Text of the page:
The art of the road trip is not merely about the car.
But we’d be fibbing if we denied that it mattered at all. The car can, in truth, make or break the journey, depending on your strength of mind. The most progressed traveller is of course unperturbed by any slight of comfort, unbreakable no matter the carriage… Mini, tuk tuk, LandRover. But it transforms the journey substantially when you have a car like the brand new BMW 640i Gran Coupé and 750i Sedan. With iPad-size TV screens on the back of the seats and a holograph projection of the speedometre on the driver’s window. Even the rain on our own road trip last Friday, which threatened to shake our travellers’ resolve, was forgivable in the seat of such a vehicle.
The art of the road trip is also not merely about the people.
While not the be-all and end-all, however, the company you choose is important. As Dan Eldon, the late photojournalist who was well-known for his journals documenting his travels through Africa, said: “Select your team with care.”
The team we selected for our adventure combined business and pleasure, our Director, AC, and familiar faces from the media – from Culinary Artist and Chef Magazine, Real Estate Magazine, iafrica Travel, and Premier and Slow Magazine. People like us. People with a taste for the finer things in life.
This is surely the main crux of The Road Trip – the search for those finer things, the little pleasures in life that call on each of your senses. The sights, sounds, tastes, smells… For us, it is this sensory journey of the Route du Bonheur, as we call it, that excites us. Route du Bonheur… the Road to Happiness. A road paved with good food and wine, inspiring art and conversation.
Some road trips are an amble of spontaneity, the destinations decided on a whim en route. In locales such as the Western Cape of South Africa, this is particularly rewarding; there are unique sights every which way. This Friday, ours was a little more planned. We set the nose of our BMW convoy toward the Winelands, starting with lunch at The Cellars-Hohenort in Constantia, moving on to Delaire Graff Estate between Franschhoek and Stellenbosch, for a wine tasting, and ending at Ellerman House on the coast in Bantry Bay, Cape Town, for a guided art tour and dinner. Below is a glimpse into our sensory journey.
Above: Michael Deg of Delaire Graff
The Five Senses of the Road Trip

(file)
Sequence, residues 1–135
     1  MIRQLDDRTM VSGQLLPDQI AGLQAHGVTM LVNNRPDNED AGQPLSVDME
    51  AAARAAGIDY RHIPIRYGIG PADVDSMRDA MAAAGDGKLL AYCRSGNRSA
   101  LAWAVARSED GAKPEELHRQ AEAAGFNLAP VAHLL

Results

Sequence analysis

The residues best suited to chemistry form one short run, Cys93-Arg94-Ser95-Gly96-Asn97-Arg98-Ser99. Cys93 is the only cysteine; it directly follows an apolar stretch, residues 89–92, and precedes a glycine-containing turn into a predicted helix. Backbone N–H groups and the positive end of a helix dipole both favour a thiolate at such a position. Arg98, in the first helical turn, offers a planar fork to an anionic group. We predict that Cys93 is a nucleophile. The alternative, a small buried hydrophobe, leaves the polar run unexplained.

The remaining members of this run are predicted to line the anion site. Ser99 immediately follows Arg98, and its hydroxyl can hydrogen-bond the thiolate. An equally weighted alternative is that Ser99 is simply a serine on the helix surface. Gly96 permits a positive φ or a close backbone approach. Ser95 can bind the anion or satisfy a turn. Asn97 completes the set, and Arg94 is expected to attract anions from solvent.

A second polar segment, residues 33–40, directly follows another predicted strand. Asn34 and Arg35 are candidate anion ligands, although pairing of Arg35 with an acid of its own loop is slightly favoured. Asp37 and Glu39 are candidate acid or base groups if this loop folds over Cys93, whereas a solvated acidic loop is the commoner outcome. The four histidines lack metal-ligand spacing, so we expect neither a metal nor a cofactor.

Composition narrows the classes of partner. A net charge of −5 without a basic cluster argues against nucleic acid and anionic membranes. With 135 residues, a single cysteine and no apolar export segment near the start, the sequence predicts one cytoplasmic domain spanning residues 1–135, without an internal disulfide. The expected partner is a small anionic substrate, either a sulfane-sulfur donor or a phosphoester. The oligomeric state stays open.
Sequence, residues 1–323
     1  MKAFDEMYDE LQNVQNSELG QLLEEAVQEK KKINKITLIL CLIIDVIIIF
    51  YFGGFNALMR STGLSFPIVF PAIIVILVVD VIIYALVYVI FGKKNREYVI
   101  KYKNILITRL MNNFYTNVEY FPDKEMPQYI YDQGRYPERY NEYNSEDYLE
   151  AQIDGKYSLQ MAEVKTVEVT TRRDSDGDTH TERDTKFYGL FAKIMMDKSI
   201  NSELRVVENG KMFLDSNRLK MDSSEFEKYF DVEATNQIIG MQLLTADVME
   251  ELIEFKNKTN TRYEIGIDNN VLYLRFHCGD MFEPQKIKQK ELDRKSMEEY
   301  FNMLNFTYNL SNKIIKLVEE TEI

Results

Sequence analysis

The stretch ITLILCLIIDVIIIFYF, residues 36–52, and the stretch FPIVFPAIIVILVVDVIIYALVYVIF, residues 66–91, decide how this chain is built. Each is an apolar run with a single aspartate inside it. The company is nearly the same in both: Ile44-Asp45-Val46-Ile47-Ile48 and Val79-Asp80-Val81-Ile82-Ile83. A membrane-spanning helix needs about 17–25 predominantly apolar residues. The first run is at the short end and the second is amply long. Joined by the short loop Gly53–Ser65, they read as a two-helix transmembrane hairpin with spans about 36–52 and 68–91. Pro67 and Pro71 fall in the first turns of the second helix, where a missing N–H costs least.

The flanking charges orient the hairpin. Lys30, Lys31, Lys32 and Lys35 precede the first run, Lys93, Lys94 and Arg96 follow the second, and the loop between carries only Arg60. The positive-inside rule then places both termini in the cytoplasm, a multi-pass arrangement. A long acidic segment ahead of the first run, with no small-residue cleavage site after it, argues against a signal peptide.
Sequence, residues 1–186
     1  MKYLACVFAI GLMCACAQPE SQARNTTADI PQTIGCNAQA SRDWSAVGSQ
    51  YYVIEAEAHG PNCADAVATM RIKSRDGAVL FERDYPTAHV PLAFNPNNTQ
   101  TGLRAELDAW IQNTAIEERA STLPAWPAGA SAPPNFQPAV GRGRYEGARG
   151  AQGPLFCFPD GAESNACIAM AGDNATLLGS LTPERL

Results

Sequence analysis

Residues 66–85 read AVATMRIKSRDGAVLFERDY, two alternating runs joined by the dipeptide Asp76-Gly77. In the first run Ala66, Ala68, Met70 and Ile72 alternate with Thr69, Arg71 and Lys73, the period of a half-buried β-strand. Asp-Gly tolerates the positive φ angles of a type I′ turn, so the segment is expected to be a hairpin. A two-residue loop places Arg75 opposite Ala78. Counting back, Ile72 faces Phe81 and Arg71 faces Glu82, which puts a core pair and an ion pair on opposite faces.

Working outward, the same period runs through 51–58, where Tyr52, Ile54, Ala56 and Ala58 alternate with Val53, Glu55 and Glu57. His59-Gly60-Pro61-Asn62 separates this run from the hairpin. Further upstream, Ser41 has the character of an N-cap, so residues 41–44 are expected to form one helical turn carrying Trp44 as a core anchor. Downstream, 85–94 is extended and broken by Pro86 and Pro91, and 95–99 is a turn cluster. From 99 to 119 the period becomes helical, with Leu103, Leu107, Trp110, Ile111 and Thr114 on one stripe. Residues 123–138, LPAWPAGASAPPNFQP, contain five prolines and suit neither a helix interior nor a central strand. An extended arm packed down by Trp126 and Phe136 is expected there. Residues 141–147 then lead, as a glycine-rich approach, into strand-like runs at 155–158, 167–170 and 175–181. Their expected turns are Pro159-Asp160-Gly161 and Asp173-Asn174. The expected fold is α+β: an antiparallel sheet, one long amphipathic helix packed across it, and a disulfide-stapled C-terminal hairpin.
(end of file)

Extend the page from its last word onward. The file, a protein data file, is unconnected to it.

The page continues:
Ah, mon chéri! The touch of the BMW 640i Gran Coupé and 750i Sedan, the sweet cushion to our adventure…
The dining experience at both The Conservatory at The Cellars-Hohenort and at Ellerman House is very much a journey in itself. Beyond merely having a beginning and end, it veers right and then left, winds with the changes in flavour and surprises in the same way a road trip does. Discover more about the tastes of South Africa in our video interview about the Inspirational Chefs of Relais & Châteaux with Peter Tempelhoff, Executive Chef of The Collection by Liz McGrath, which includes The Cellars-Hohenort. Below is a glimpse into our lunch at The Conservatory, compliments of Chef Delia Harbottle.
Above, top to bottom: Linguine Nero, with seared and crispy calamari, tomato fondue, spring onion, squid ink sauce; butternut soup of the day and Pan Seared Potato and Parmesan Gnocchi with Broccoli, peas, deep fried halloumi, hon shimejii mushrooms, pea sauce; Grilled Springbok Rump; Pineapple tarte tatin with salted caramel sauce and chai ice-cream | Nougat ice-cream with crushed macaroons and strawberry jelly
The first swirl and whiff of wine is always what gets me. At our wine tasting at Delaire Graff, accomplished South African winemaker, Morné Vrey, who has been at the estate for nine years now, guided our noses through the reds and whites, and Delaire Graff’s very first Méthode Cap Classique – the Delaire Graff Sunrise Brut, in a wine experience paired with oysters from the kitchen of Chef Michael Deg.
Discover more about the wines of South Africa in our video interview with Relais & Châteaux Somellier at Ellerman House, Manuel Cabello.
The aromas of nature are just as powerful – aromas that the gardens of The Cellars-Hohenort provide in abundance.
The men behind Delaire Graff and Ellerman House, the owners, Lawrence Graff and Paul Harris respectively, are two of South Africa’s most established and envied art collectors. Works from their private art collections sit on the walls of their hotels. At Delaire Graff The Chinese Girl by Vladimir Tretchikoff welcomes you in the entrance, along with works by artists you’ll find in the halls and gallery of Ellerman House as well (like minds…). Names such as William Kentridge, Angus Taylor, Dylan Lewis, John Meyer and Lionel Smit.
Margaret Slabbert, Paul Harris’ favoured art curator, guided us through the works of Ellerman House, our road trip’s final destination, shedding light on the deeper meaning behind the art.
Below: An art tour with Margaret Slabbert at Ellerman House
Below: Delaire Graff
The chorus of the road… Barry White, the chosen soundtrack of our road trip (chosen by whom in our team, I’m not quite sure, but there he was, singing over the CD player…); the rain falling on the roof of our golf cart around Delaire Graff; the constant quack of the mother duck protecting her new hatchlings at The Cellars-Hohenort; the clink of wine glasses and the sound of our own voices making new friends at Ellerman House; and the comforting joy of silence when the trip is over. Such are the sounds of the art we call The Road Trip.